When a judge sentenced him Wednesday morning to life in prison for murder,Gregory Flounory didn't flinch.
But when his mother and sister began fighting with his ex-girlfriend in the doorway of the courtroom, Flounory, 31, bolted toward the door.
"Stay off my mama!" he shouted.
In an instant, courtroom decorum dissolved into Pandemonium.
Prosecutor Diane Bailey, who had been trying to keep the women from tangling, yelled: "Bailiff, get over here!"
Flounory's mother and sister _ Dolly Irving, 61, and Debra Wells, 35, both of St. Petersburg _ confronted his ex-girlfriend, Natoshia Mitchell, 20, also of St. Petersburg, as she tried to leave the courtroom. Miss Mitchell was the mother of the toddler Flounory murdered, 2-year-old Antonio Brazel, and had testified against Flounory during his trial two months ago.
"Are you happy now?" one of the women demanded as the fight moved out the door and into the hallway.
A group of students touring the Pinellas County courts complex to see how the legal system works witnessed a bit of the fray before being hustled around a corner.
Miss Mitchell's new boyfriend, 33-year-old O'dell Sermon, tried to help her but got punched, sheriff's reports said
Sermon intercepted Flounory before he reached the door, and the men grappled briefly before bailiffs pulled them apart.
"What's wrong with you, man? What's wrong with you?" cried Flounory.
As bailiffs dragged the struggling Flounory backward, they tripped over a television cameraman's tripod and sprawled on the floor.
Circuit Judge Frank Quesada, who had left the courtroom after sentencing Flounory, came back to see what the commotion was about. He pressed an emergency button to call for more bailiffs and retreated to his chambers.
Dr. Georgia Brandstadter-Palmer, a forensic psychologist whose office is near Quesada's courtroom, heard the noise in the hall and hit her emergency button, too.
The squad of bailiffs subdued the women and then summoned paramedics to look after Miss Mitchell, who is eight weeks pregnant. Taken by ambulance to Bayfront Medical Center, she was treated and released.
Ms. Wells and Mrs. Irving were arrested. The Pinellas County Sheriff's Office has recommended that State Attorney Bernie McCabe charge Ms. Wells with battery and Mrs. Irving with battery and aggravated battery, sheriff's spokeswoman Marianne Pasha said.
As bailiffs took Mrs. Irving by elevator to a holding cell, she dropped to the floor, whimpering. Despite being coaxed to act "like an adult," she refused for several minutes to get up and step out of the elevator.
Finally she emerged, clutching her chest, and called out to her son's attorney, Frank T. Johnson, "They're going to put me in jail!"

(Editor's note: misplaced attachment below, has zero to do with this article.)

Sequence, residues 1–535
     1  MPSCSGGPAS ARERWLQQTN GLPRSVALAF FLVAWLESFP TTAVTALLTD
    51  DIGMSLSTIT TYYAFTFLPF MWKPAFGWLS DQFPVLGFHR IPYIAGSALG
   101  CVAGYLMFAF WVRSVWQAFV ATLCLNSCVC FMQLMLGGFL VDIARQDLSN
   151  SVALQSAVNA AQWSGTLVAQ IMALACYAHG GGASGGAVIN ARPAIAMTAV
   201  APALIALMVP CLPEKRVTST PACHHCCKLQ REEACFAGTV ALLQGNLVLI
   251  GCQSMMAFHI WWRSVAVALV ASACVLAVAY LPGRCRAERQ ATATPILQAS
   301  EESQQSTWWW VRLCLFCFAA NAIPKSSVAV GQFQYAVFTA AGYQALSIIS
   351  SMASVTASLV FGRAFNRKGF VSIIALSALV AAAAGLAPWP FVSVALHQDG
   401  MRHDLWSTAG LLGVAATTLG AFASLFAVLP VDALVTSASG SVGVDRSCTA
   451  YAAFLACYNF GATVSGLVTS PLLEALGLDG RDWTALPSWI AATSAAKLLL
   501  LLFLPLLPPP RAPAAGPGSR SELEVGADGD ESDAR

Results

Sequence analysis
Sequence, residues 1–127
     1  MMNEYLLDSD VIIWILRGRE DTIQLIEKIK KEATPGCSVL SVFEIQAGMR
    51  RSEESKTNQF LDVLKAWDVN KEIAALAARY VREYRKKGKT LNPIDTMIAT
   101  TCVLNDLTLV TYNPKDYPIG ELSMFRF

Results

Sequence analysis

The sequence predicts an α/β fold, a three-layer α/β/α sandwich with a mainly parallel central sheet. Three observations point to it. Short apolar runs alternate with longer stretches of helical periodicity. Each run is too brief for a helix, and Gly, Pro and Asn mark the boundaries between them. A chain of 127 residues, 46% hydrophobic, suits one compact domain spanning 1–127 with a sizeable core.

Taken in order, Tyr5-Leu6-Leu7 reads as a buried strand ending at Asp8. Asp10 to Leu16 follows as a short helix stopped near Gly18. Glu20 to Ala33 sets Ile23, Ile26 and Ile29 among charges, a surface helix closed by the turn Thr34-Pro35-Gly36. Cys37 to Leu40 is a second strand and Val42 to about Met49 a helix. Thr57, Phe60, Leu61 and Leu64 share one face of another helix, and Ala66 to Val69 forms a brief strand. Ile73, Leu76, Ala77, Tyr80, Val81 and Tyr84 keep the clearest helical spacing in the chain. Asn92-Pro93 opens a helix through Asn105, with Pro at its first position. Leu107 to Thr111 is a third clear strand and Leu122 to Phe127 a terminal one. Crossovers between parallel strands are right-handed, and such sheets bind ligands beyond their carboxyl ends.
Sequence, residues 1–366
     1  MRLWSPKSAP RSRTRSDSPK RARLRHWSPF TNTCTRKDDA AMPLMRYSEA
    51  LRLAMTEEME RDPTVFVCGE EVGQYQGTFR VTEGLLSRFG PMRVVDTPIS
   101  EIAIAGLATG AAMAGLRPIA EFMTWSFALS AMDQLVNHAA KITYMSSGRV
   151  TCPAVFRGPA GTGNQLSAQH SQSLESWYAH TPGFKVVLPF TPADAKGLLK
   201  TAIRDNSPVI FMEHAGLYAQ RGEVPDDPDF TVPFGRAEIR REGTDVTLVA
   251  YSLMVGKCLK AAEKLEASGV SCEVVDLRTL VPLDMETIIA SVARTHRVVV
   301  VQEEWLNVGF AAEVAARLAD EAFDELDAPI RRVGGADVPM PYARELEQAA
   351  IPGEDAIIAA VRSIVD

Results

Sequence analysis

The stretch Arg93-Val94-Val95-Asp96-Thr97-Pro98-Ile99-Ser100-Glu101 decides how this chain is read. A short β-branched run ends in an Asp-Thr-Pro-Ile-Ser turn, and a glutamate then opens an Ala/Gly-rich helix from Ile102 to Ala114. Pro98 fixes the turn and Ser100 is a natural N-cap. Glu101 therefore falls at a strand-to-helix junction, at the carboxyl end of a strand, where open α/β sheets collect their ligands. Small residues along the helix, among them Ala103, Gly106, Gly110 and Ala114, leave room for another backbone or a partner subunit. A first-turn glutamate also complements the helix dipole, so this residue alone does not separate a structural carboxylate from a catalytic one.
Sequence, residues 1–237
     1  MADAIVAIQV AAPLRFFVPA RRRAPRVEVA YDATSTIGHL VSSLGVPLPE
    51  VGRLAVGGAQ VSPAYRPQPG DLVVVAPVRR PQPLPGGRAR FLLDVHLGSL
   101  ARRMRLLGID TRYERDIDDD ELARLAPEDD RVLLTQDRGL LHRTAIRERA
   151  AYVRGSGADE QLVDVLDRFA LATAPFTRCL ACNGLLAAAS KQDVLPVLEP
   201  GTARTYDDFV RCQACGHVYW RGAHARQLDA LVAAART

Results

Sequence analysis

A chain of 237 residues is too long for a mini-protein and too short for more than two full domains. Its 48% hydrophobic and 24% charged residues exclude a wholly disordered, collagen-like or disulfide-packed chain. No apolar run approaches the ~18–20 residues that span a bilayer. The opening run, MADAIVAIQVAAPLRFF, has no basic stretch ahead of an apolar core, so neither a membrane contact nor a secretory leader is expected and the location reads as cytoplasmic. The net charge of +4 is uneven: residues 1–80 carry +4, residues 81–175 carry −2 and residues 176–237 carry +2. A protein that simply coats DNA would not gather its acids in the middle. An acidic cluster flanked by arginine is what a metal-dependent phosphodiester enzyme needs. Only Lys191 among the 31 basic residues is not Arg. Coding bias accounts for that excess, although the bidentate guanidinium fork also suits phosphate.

Instead, because she complained of chest pains, she was sent to Humana Northside Hospital. Pasha said Mrs. Irving remained there for observation Thursday evening, but a nursing supervisor said she could find no record of such a patient.
Pasha said Wednesday's courtroom fracas is a rare occurrence. She could not recall a similar incident.
But there have been similar episodes of violence throughout the relationship between Flounory and Miss Mitchell. She repeatedly complained to police that he beat her up, but she always dropped the charges. During his murder trial, she testified that she failed to follow through because Flounory always threatened to kill her.
The current of violence ran both ways. Her brothers once shot and wounded Flounory and served time in prison for the crime.
Yet the couple remained together until June 9, 1993, the day before Miss Mitchell was to graduate from Dixie Hollins High School. As she departed for school, leaving Antonio in Flounory's care, Miss Mitchell kissed her son goodbye and told him she loved him.
"I love you too, Mommy," the boy said.
Hours later, Flounory climbed the stairs to the couple's Jordan Park apartment carrying the boy's lifeless body. He told police he had slammed on the brakes of his 1989 Ford Bronco and the boy hit his head on the dashboard, then groaned and died.
But Pinellas-Pasco Medical Examiner Joan Wood testified that the boy's head injuries actually resulted from several blows with a blunt instrument.
Still, Flounory insisted Wednesday that he never harmed Antonio and contended that Miss Mitchell was lying about past abuse. Although Antonio was not his son, he told Judge Quesada before being sentenced, the boy's death "deeply hurt" him. "I never abused that kid," he said. "I loved that kid."
Flounory, a former employee of the Times' printing plant, must serve 25 years in prison before he will be eligible for parole.